6. You can use #if/#endif in C# for using preprocessor directives.   You can also add files as a link, so you keep the file in a common directory and any number of projects can include the file as a link which means they'll all share the same C# file, but it will be compiled into all the projects. As long as the projects don't reference each other you should be fine (if the projects reference each other, you're likely to get an error for having the same type compiled twice).
  7. According to an email sent on 31 January 2013, XNA is no longer actively being developed, and it is not supported under the new "Metro interface" layers of Windows 8 nor on the Windows RT platform.   Right but it was never supported on WinRT (which is the Windows 8 "metro" environment) so it's not as if they are removing support. XNA is still a supported framework for all platforms on which it was ever supported. If its current feature set (including supported platforms) meet your needs, there is no need to avoid using it. Lack of future updates does not automatically render it useless.
  8. XNA isn't dead. Dead implies it doesn't work, isn't available, and isn't supported by Microsoft. None of that is true. The only truth is that there will be no more updates to XNA. If the current feature set of XNA meets your needs, there is no reason to avoid using it to build your game.
  9. I'd toss out that C# can be a good language for studios. Lots of C# used for tools, build systems, etc. You may not be directly engineering the game, but while on a tools/pipeline team you can learn a lot about the studio, the code, and build familiarity/skills over time that will enable you to move into a different engineering role if you want.   I'd also mention that Unity is becoming more prevalent of an engine which uses C# for scripting (technically also UnityScript and Boo). It's obviously not taking over the AAA spectrum yet, but a decent number of companies are starting to use it and I expect that number will continue to rise.   And lastly, in my experience, the really hard core C++ needs are deep engine work. Many studios (especially as you get away from the smaller ones) have dedicated engine teams leaving many of the remaining devs to write higher level concepts. Even if you're still in C++ and not some scripting language (some studios break out Lua or another language for scripting) the requirement of knowing the nitty-gritty C++ stuff starts to loosen as you're writing more game-specific code (so you don't have to have a general solution that works for 100% of scenarios) that can start being less performance critical (such as simple UI backing logic).   Everyone starts somewhere and it usually isn't the role of most knowledgeable C++ engineer in the company. You need to learn enough C++ to be competent and show an aptitude for quickly learning new skills. That's what I'd recommend, anyway.
  10. If you want to go OpenGL use OpenTK. It's a generally solid wrapper, though you'll find it's much lower level than XNA.
  11. Here is some more good reading on the subject of references and pointers in C#. Not necessarily directly related to your question, but good reading on the topics, nonetheless. [url="http://blogs.msdn.com/b/ericlippert/archive/2009/02/17/references-are-not-addresses.aspx"]http://blogs.msdn.com/b/ericlippert/archive/2009/02/17/references-are-not-addresses.aspx[/url] [url="http://blogs.msdn.com/b/ericlippert/archive/2011/03/07/references-and-pointers-part-one.aspx"]http://blogs.msdn.com/b/ericlippert/archive/2011/03/07/references-and-pointers-part-one.aspx[/url] [url="http://blogs.msdn.com/b/ericlippert/archive/2011/03/10/references-and-pointers-part-two.aspx"]http://blogs.msdn.com/b/ericlippert/archive/2011/03/10/references-and-pointers-part-two.aspx[/url] A slight aside, List<T> in C# is more analogous to std::vector in C++. It's not a linked list; it's just an indexable collection of objects. Generally speaking a List<T> in C# is just implemented as a raw T[] under the hood, handling resizing the array as necessary. If you wanted a linked list there is the aptly named [url="http://msdn.microsoft.com/en-us/library/he2s3bh7.aspx"]LinkedList<T>[/url] class.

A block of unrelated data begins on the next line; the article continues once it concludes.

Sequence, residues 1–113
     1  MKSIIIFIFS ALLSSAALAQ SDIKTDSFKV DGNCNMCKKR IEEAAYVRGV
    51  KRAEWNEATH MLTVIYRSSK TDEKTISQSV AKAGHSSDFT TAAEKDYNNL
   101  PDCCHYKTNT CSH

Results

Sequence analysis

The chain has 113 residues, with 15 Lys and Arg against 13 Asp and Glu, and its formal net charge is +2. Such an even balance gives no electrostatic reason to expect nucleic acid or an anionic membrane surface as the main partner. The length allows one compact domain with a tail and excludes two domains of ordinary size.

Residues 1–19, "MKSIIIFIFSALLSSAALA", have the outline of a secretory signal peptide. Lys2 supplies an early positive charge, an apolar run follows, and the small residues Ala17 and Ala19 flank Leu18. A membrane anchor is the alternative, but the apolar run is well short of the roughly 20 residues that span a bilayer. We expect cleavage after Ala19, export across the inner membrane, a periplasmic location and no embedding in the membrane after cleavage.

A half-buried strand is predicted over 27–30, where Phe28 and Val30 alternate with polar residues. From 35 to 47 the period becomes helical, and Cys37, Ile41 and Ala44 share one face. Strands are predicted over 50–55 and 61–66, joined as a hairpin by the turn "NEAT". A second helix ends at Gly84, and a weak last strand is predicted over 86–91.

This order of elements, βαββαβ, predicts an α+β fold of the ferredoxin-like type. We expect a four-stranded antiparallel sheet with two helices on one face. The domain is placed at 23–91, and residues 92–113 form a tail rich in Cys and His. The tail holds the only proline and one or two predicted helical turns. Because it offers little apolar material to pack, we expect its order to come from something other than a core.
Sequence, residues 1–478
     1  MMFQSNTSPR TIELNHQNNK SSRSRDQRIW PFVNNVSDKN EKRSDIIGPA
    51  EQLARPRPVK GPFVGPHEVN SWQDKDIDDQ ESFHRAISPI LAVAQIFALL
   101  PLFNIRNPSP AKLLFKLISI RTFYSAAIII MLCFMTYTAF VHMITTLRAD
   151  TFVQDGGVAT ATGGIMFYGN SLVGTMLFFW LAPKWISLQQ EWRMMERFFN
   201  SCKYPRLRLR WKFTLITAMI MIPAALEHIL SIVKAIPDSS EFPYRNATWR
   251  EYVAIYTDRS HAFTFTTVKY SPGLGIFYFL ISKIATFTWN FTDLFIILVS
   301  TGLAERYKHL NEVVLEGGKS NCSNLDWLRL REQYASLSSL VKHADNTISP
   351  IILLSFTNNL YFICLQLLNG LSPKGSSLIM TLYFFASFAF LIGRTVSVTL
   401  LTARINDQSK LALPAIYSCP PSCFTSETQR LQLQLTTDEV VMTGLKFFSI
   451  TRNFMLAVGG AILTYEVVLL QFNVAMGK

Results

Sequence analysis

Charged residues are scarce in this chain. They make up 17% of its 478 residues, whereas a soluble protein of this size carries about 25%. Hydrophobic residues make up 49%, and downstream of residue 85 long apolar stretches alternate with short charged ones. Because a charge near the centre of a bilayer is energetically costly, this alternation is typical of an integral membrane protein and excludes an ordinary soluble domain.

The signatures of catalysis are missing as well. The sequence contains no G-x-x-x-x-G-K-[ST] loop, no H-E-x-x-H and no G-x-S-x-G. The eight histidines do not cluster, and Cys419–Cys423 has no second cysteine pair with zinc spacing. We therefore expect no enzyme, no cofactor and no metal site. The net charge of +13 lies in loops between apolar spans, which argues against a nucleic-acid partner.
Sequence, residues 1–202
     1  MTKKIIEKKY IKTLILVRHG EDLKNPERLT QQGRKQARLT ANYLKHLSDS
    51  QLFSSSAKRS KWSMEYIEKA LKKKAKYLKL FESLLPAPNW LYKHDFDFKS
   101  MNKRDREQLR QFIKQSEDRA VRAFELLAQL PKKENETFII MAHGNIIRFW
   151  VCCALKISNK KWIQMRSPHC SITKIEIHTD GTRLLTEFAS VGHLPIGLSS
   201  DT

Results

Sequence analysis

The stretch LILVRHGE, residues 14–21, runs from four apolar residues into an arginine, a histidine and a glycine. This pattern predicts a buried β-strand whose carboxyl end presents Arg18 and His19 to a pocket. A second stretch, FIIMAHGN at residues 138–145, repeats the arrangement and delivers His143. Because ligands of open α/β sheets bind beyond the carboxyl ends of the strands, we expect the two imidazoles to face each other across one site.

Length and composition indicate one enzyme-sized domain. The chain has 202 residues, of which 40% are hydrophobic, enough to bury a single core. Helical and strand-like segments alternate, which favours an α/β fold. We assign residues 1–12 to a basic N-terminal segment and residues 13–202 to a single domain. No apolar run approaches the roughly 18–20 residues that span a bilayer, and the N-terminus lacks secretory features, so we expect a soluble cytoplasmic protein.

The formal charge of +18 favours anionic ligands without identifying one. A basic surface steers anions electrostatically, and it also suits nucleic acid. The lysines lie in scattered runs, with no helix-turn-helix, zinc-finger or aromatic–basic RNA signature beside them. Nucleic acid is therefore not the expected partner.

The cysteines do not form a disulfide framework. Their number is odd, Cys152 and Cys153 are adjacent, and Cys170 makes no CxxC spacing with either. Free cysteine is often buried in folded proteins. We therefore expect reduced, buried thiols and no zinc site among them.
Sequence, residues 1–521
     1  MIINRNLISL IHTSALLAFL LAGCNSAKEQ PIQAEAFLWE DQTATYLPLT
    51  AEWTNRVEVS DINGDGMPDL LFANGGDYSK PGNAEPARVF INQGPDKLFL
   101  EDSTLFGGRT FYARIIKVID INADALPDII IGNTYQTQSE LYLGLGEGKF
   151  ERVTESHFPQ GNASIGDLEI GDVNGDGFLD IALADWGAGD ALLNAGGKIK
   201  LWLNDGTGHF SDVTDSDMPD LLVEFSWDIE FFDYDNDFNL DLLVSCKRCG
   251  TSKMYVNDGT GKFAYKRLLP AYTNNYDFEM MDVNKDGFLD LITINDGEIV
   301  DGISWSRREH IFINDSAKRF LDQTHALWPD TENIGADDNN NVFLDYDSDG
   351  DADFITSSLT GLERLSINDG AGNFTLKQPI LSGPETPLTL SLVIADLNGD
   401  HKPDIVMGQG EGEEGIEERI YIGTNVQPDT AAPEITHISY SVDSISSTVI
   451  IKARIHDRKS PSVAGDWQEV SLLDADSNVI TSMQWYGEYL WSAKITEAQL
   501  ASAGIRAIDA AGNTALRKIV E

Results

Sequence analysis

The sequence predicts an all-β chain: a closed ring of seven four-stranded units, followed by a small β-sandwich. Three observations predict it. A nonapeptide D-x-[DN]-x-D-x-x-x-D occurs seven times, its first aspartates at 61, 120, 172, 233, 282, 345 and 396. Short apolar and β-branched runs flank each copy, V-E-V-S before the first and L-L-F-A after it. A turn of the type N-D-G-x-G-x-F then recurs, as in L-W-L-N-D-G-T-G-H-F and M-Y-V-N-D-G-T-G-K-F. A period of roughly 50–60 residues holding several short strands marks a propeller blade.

12. The first thing that pops to my mind is to not treat the player as a square (or rectangle) but rather as a circle. By interpreting all the player collisions as a circle hitting a corner, if you implement the resolution properly he'll naturally slide around the object. It also creates nice collision resolution between the player and other characters and so on. I haven't played a classic Zelda in a while, but I'm fairly confident that's how the SNES version handles collisions.
  13. You can't programmatically turn of the controller, and with wireless controllers it's actually a pain to turn off when using PC since there is no consistent UI to turn off the controller as there is on Xbox. Generally I just quickly pop the battery out and back in which will shut it down. Elegant? No, but it saves my batteries from dying.
  14. I actually really like both of your separations as I think the two generally could go hand in hand (after all, how is killing ten bunnies going to get me closer to defeating the uber dark lord?). I think there are other things you could use to further differentiate, depending on the nature of the game and how far you want to take it: - Favors increase goodwill with townspeople, leading to lowered prices for goods or increased selling rates. - Quests give more sizable rewards such as new weapons and armor, whereas favors yield smaller amounts of money or items. - Favors could lead to side quests. Perhaps you do a couple favors for a townsperson afterwhich he mentions a friend in a nearby town. Upon visiting his friend, you're given the opportunity to do more favors, quests, or side quests. (In this context the "side quest" would be identical to a standard "quest" other than it doesn't progress the main story arc but would still be large and potential yield good rewards).
  15. Looking good. I've always wanted to see the block world "genre" expand beyond the "create whatever you want" into "here's an actual game". Nice work so far!